Sturgeon Bay woman helps save dogs in war-torn Ukraine

Big Dog Ranch Rescue and a local resident helped save 20 dogs in Poland, near the Ukrainian...
Big Dog Ranch Rescue and a local resident helped save 20 dogs in Poland, near the Ukrainian border(WBAY)
Published: May. 27, 2022 at 6:24 PM CDT
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STURGEON BAY, Wis. (WBAY) - Members of a Florida animal rescue recently returned from a seven-day trip establishing a shelter in Poland for abandoned dogs from Ukraine.

One of those members lives in Sturgeon Bay. Marti Spittell Ziegelbauer is on the board of directors for Big Dog Ranch Rescue based in Palm Beach County, Fla.

“These are pets that were simply left behind, not by fault of the owners who are in the midst of a war. All they’ve been hearing is bombs and shaking. Their whole world has been turned upside down,” Ziegelbauer said.

Ziegelbauer and the founder and CEO of Big Dog Ranch Rescue, Lauree Simmons, rescued 20 dogs near the Ukrainian border, many of them from a bomb shelter.

“There were two -- that one had his leg blown off by a bomb and one had severe burns on his back -- and we had trouble getting them across the border. It really traumatized not only the people but all of the dogs left behind, and those were some of the lucky ones,” Simmons explained.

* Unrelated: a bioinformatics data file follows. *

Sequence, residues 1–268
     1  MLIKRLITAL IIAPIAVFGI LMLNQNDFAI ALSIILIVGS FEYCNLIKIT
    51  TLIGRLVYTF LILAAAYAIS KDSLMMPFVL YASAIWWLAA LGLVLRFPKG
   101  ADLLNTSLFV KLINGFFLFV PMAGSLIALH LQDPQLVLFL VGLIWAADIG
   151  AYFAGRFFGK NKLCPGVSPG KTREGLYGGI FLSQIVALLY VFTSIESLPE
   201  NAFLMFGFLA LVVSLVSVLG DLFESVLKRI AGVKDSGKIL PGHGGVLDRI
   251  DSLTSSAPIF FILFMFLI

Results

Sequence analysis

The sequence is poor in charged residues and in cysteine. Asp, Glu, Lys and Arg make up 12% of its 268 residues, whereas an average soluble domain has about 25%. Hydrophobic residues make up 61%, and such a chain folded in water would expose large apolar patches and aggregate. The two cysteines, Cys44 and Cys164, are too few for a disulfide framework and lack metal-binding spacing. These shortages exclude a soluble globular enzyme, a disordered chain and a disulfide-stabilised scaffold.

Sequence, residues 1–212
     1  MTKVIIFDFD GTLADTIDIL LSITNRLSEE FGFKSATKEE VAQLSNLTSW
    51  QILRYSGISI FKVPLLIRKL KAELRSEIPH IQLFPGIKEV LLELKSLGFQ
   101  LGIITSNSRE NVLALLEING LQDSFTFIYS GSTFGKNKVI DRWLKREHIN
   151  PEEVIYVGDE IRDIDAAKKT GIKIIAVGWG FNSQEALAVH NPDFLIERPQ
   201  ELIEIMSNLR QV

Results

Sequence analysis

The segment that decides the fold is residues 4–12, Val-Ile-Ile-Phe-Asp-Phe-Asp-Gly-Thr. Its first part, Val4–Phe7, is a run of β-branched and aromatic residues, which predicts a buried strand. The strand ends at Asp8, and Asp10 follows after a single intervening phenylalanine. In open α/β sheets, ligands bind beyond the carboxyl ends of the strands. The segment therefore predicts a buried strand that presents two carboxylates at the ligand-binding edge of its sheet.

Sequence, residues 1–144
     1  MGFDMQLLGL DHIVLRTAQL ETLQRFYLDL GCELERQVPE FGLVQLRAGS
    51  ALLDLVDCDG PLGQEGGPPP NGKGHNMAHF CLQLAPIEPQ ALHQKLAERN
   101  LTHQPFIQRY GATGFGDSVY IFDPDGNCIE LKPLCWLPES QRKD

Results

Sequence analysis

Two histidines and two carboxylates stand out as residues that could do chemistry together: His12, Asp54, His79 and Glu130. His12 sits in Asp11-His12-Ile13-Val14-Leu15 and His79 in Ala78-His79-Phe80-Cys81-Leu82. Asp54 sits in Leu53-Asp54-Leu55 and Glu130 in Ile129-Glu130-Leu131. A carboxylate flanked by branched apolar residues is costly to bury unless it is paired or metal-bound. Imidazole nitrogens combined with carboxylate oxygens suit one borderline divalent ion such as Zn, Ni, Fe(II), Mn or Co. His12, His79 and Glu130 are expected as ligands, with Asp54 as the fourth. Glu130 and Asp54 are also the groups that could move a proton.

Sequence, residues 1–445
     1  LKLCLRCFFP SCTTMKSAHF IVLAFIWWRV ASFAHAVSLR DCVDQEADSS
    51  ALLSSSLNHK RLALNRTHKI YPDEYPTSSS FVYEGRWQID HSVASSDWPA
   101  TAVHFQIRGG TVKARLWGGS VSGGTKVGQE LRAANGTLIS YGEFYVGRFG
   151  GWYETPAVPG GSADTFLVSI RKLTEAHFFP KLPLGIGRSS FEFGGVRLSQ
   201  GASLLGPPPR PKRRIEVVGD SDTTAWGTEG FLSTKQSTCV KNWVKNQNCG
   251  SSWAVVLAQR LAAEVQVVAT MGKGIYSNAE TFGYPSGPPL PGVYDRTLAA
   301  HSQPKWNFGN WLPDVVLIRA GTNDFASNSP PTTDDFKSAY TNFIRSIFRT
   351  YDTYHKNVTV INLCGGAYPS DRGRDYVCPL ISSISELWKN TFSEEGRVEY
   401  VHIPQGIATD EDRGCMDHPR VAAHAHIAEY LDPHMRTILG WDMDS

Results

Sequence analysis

“When that van pulled into our shelter in Poznan, Poland, and that door opened up and you saw those dogs in the crates, your heart just sank. It was a miracle venture, and I feel very fortunate that I was able to do this,” Ziegelbauer said.

After a few days in Poznan, Poland, setting up the shelter, the two women then traveled to Romania to help a shelter overcrowded with nearly 100 abandoned dogs.

The rescue will continue its efforts in Europe for another six months, caring for the pets as more dogs come in each week and by providing medical treatment and food.

“We currently already have 11 dogs on-site that are up for adoption, more are either in transport, have already been transported, but are just awaiting quarantining and certification to be adopted,” Ziegelbauer said.

If you’d like to donate to the organization’s Ukrainian rescue mission, click here.

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